Make sure the database user that is linked to your Joomla installation only has access to that particular database. All too often people are using a database user that has access to the full set of database that are managed via a tool such as phpMyAdmin. This means that if the credentials for one database user are discovered, the hacker immediately has access to all those database. Having a unique database user per database prevents this from happening.
Preventing access to your web based database management tool (such as phpMyAdmin) is a critical factor in keeping your database secure. Firstly you might try some ‘security through obscurity’ by placing the tool in a folder that isn’t named ‘phpmyadmin’. After all, this will be the first folders hackers will check when they want to gain access to your database. Secondly you should consider having an IP-whitelist for the folder in which phpMyAdmin is placed. Every IP trying to gain access to your folder is then screened against a (manually managed) list of known IP addresses for your organization. If for whatever reason such a whitelist isn’t an available solution for your website, you might want to look at protecting your phpMyAdmin folder using .htpasswd and .htaccess files.
Setting it up
A freshly downloaded package of Joomla comes equipped with a file named htaccess.txt. By renaming this file to .htaccess you can increase the security of your website significantly and as a bonus you can use neatly rewritten URLs as well! Renaming should be done by opening the file with a text editor and using ‘Save as’ to rename it to .htaccess. Do take note that this is a special file and is also specific to Apache servers, therefore users of Nginx or IIS won’t be able to benefit from the benefits that using this file offers.
By enabling the .htaccess file you’ll automatically filter out various malicious ways to access your website. The code tries to block the most common type of exploit ‘attempts’ to Joomla For example block out any script trying to base64_encode data within the URL, block out any script that includes a <script> tag in URL and block out any script trying to set a PHP GLOBALS variable via URL.
As mentioned earlier, activating .htaccess also allows you to switch on the ‘Rewrite URLs’ setting in the Global Configuration of Joomla. Doing so will actually increase the security of your website pretty significantly. Rewritten URLs don’t show most of the variables anymore that are included in the code (www.example.org/index.php?id=123&hash=abc vs. www.example.org/123/abc). Because of this, hackers will now have to figure out these variables before they are able to manipulate them in an attempt hack your website.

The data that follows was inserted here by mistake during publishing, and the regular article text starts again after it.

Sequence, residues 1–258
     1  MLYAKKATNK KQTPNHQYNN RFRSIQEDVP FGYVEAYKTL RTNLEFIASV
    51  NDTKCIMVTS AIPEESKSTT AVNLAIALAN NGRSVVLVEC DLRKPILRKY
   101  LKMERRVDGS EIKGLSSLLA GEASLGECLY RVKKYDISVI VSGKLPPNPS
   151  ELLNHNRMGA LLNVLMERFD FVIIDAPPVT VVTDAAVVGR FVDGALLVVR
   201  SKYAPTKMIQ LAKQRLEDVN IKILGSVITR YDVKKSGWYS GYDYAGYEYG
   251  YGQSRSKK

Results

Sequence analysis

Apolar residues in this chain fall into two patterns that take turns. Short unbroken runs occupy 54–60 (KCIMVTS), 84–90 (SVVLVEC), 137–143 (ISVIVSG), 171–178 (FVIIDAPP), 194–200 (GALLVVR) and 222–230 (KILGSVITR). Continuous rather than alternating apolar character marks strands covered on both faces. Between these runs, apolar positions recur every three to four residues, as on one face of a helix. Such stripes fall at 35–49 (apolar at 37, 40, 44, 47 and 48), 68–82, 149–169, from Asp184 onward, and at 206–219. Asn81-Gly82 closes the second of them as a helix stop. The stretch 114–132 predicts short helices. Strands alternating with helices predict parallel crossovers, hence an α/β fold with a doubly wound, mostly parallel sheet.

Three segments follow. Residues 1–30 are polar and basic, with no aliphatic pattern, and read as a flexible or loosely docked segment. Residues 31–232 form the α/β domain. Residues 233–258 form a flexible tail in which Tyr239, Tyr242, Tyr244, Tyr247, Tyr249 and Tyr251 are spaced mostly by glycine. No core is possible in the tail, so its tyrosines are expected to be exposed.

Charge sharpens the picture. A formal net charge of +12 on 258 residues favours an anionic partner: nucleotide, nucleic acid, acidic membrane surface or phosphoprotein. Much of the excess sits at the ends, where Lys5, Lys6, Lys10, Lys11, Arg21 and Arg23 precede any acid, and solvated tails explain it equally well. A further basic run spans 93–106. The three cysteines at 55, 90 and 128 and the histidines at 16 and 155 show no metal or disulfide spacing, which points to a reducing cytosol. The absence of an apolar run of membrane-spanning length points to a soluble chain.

To solve problems related to the aforementioned file permissions, Joomla has a feature called the FTP layer. Enabling this feature allows you to upload and install extensions on servers where you otherwise wouldn’t be able to because of incorrectly set file permissions. However, the major downside of having to use the FTP layer is that it puts your FTP details unencrypted in your configuration.php file. This poses a big security risk to your website. Now when somebody manages to gain access to your configuration.php file, not only will they have access to your Joomla installation, but to your entire FTP account instead.
Not necessarily a security measure per se, but a great reducer of potential security risks for your website nonetheless. By using the ACL (Action Control List) functionality that the Joomla core offers, you can restrict what areas of the Administrator certain user levels can or can’t access. For example, you can limit the access the Extension Manager or the Global Configuration to users of the level superadmin only. No longer will Administrators of your website be able to change critical settings on the website or be able to upload any files. As long as you make sure ordinary Administrator can’t upload any files, you’ll be fairly sure they can’t create any significant security risks either.
One of the classic security problems for any software system: weak passwords. No matter how tight the security on the software level is, if you password is still ‘password’ or the name of your spouse, you’re begging for your website to be hacked. Countless articles have been written on proper password hygiene, therefore only a short summary will be presented here. Make sure your passwords are long (12+ characters is recommended), are unique per website (use a password manager like LastPass or 1Password to prevent having to remember them all), aren’t written down on a sticky note next to your computer and don’t relate to any of your personal data (so the name of your pet, the place you grew up and your high school sweetheart’s name should all be avoided).
The level of error reporting defines what level of errors are handled (either written to file or displayed on the screen, handled by the PHP variable display_errors) by the server. When developing your website, you want as many errors reported and displayed on the screen as possible. After your website went live, you still want as many errors to be reported, but instead of displaying them on the screen, you want them to be written to file. After all, if you display errors on the screen, you might give away information that can be used by a hacker to gain (more) access to your system.
Setting the level of error reporting
You can set the level of error reporting either via the php.ini file (which is often not available if you are using a shared server), via the .htaccess file or via the Global Configuration of your Joomla Administrator.